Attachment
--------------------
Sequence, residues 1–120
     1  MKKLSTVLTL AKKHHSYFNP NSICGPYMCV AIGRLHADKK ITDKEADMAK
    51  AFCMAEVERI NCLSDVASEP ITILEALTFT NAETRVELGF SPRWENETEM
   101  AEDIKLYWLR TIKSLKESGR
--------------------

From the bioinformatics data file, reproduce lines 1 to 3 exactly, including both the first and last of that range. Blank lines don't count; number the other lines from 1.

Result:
Sequence, residues 1–120
     1  MKKLSTVLTL AKKHHSYFNP NSICGPYMCV AIGRLHADKK ITDKEADMAK
    51  AFCMAEVERI NCLSDVASEP ITILEALTFT NAETRVELGF SPRWENETEM